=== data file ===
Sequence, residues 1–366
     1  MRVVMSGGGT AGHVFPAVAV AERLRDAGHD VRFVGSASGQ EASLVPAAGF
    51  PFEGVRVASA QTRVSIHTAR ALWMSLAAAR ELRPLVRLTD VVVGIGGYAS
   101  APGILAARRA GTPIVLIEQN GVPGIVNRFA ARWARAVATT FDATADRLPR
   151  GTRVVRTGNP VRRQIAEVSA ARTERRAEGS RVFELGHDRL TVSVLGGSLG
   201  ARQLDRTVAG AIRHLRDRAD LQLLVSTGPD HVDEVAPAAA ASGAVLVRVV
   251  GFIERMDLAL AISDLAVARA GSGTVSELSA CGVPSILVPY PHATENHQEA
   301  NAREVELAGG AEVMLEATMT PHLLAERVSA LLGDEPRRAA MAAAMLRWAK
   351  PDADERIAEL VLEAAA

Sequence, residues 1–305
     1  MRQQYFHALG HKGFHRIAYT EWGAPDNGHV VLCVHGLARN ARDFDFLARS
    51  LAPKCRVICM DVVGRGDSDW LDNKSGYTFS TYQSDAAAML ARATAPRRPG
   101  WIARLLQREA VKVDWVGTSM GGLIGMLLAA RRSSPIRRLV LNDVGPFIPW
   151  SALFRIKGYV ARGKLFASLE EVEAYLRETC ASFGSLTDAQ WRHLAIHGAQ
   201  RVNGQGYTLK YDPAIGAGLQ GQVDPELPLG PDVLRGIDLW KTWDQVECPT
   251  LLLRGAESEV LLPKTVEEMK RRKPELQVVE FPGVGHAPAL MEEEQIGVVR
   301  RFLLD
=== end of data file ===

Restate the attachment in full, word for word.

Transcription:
Sequence, residues 1–366
     1  MRVVMSGGGT AGHVFPAVAV AERLRDAGHD VRFVGSASGQ EASLVPAAGF
    51  PFEGVRVASA QTRVSIHTAR ALWMSLAAAR ELRPLVRLTD VVVGIGGYAS
   101  APGILAARRA GTPIVLIEQN GVPGIVNRFA ARWARAVATT FDATADRLPR
   151  GTRVVRTGNP VRRQIAEVSA ARTERRAEGS RVFELGHDRL TVSVLGGSLG
   201  ARQLDRTVAG AIRHLRDRAD LQLLVSTGPD HVDEVAPAAA ASGAVLVRVV
   251  GFIERMDLAL AISDLAVARA GSGTVSELSA CGVPSILVPY PHATENHQEA
   301  NAREVELAGG AEVMLEATMT PHLLAERVSA LLGDEPRRAA MAAAMLRWAK
   351  PDADERIAEL VLEAAA

Sequence, residues 1–305
     1  MRQQYFHALG HKGFHRIAYT EWGAPDNGHV VLCVHGLARN ARDFDFLARS
    51  LAPKCRVICM DVVGRGDSDW LDNKSGYTFS TYQSDAAAML ARATAPRRPG
   101  WIARLLQREA VKVDWVGTSM GGLIGMLLAA RRSSPIRRLV LNDVGPFIPW
   151  SALFRIKGYV ARGKLFASLE EVEAYLRETC ASFGSLTDAQ WRHLAIHGAQ
   201  RVNGQGYTLK YDPAIGAGLQ GQVDPELPLG PDVLRGIDLW KTWDQVECPT
   251  LLLRGAESEV LLPKTVEEMK RRKPELQVVE FPGVGHAPAL MEEEQIGVVR
   301  RFLLD